Leptokurtic Distributions

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What is leptokurtic?

Leptokurtic distributions are statistical distributions with kurtosis out of three. This is one of the three main categories found in the analysis of kurtosis. Its two other counterparts are mesokurtic and platykurtic.

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Understanding Leptokurtic

Leptokurtic distributions are distributions with greater kurtosis than that of a normal distribution. A normal distribution has a kurtosis of three. Therefore, a distribution with kurtosis greater than three would be called a leptokurtic distribution.

In general, leptokurtic distributions have heavier tails or a higher probability of outliers compared to mesokurtic or platykurtic distributions.

When analyzing historical returns, kurtosis can help an investor assess the risk level of an asset. A leptokurtic distribution means that the investor may experience greater fluctuations (for example, three or more standard deviations from the average), which increases the potential for extremely low or high returns.

Leptokurtosis and estimated risk value

Leptokurtic distributions can be involved when analyzing value-at-risk (VaR) probabilities. A normal distribution of VaR may provide higher expectations of results, as it includes up to three kurtosis. In general, the less kurtosis and the more confidence there is in each, the more reliable and secure the distribution of the value at risk.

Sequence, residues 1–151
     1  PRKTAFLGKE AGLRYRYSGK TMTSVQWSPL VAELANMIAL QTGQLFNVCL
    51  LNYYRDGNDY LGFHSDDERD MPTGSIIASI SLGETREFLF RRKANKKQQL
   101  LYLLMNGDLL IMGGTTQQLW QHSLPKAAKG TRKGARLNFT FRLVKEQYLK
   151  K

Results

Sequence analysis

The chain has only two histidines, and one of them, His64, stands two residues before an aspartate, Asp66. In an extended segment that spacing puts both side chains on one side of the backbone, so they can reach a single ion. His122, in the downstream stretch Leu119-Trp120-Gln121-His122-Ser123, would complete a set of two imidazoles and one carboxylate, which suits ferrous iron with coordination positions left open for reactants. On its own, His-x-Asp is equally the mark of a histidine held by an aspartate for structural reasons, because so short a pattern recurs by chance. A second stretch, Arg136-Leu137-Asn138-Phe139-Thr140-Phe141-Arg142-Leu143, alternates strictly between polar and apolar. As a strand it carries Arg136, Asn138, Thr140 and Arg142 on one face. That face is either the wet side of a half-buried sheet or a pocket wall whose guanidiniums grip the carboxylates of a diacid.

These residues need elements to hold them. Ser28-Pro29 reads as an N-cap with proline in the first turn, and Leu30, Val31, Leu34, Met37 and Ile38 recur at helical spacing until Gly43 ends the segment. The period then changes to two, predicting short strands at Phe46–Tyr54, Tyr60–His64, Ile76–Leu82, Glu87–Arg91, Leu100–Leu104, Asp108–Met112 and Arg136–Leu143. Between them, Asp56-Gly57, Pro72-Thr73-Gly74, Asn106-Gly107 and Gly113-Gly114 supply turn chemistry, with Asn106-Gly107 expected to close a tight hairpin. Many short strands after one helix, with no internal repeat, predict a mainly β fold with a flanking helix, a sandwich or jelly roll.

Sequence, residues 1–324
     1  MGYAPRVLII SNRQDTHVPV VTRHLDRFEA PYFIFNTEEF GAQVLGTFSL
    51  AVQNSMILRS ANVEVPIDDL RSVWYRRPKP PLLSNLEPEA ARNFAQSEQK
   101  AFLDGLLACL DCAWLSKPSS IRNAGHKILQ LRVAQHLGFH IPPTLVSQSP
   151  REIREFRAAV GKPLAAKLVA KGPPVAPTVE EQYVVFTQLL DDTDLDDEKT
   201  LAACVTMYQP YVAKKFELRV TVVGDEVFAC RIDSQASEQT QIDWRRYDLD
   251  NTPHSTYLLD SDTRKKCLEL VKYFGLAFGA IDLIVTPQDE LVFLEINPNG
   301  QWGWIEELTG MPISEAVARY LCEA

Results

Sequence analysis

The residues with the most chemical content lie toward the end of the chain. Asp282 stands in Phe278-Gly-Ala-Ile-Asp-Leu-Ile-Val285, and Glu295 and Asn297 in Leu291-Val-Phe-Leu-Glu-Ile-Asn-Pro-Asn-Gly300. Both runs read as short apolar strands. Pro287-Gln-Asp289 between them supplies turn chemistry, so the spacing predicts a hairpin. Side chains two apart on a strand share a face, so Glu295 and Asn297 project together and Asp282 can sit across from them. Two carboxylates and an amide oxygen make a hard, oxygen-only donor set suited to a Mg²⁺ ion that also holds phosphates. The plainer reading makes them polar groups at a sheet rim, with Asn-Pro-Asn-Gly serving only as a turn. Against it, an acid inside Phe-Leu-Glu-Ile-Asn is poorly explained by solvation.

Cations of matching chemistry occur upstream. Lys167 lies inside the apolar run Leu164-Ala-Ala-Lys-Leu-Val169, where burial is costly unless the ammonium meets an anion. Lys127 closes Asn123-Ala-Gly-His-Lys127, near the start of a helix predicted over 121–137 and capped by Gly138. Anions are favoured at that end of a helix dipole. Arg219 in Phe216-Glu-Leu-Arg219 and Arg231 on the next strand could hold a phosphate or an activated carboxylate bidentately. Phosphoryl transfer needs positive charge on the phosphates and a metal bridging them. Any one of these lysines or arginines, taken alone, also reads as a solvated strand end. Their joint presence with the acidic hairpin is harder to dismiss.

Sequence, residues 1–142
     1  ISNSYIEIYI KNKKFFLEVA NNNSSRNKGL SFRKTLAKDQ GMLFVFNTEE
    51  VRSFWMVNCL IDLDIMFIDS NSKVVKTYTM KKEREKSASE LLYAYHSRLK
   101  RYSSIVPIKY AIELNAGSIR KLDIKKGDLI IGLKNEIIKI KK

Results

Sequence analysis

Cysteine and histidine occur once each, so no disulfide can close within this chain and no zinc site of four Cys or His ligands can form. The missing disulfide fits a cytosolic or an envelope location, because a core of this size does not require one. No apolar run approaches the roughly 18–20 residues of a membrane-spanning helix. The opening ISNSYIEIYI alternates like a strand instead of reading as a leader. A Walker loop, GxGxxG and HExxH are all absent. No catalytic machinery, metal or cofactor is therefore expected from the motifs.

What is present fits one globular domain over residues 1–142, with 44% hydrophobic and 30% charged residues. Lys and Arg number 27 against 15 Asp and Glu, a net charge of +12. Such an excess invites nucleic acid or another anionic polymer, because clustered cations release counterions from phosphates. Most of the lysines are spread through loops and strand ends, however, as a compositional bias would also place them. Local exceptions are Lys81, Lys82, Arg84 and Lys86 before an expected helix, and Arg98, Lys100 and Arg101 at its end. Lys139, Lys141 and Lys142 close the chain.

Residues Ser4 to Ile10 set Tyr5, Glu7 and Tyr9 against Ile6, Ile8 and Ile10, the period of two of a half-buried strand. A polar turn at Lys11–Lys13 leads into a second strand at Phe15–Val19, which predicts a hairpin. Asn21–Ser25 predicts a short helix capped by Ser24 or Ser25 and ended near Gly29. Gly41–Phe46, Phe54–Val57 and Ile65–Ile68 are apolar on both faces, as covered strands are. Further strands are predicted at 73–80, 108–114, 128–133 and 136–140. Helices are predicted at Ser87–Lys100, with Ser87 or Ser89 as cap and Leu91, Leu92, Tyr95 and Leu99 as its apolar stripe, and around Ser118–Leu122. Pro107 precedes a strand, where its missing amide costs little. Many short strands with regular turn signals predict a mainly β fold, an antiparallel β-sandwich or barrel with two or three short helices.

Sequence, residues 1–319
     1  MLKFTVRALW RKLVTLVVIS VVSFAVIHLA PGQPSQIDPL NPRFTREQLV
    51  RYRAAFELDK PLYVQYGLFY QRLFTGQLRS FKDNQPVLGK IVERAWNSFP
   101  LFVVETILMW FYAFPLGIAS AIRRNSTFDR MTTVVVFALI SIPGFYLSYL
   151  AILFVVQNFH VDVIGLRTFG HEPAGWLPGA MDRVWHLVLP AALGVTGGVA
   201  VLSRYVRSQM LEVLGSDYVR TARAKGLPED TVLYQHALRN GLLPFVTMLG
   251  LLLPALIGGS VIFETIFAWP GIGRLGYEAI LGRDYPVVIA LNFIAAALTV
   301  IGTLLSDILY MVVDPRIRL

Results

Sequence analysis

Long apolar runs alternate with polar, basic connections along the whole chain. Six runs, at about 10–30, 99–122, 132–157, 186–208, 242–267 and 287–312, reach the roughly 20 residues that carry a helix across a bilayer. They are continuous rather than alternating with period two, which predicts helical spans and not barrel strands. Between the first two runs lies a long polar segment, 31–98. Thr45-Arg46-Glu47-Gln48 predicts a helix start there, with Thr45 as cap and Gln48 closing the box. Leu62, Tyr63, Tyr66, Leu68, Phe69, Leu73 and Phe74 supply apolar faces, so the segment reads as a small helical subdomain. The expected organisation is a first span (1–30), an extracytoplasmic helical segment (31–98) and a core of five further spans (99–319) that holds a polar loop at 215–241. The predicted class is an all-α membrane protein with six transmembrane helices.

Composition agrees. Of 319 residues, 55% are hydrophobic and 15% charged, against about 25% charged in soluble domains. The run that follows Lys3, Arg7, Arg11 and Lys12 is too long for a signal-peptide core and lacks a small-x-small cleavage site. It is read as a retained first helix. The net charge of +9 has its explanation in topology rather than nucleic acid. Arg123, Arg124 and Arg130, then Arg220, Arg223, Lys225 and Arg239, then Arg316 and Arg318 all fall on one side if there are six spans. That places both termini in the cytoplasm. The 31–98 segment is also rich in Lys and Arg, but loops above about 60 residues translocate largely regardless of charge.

Leptokurtic distributions are known to go beyond three kurtosis. This generally lowers confidence levels in excess kurtosis, creating less reliability. Leptokurtic distributions can also show a higher risk value in the left tail due to the greater value under the curve in the worst scenarios. Overall, a higher probability of negative returns further from the average on the left side of the distribution leads to a higher risk value.

Leptokurtosis, Mesokurtosis and Platykurtosis

While leptokurtosis refers to greater aberrant potential, mesokurtosis and platykurtosis describe less aberrant potential. The mesokurtic distributions have a kurtosis close to 3.0, which means that their aberration is similar to that of the normal distribution. Platykurt distributions have a kurtosis of less than 3.0, thus showing less kurtosis than a normal distribution.

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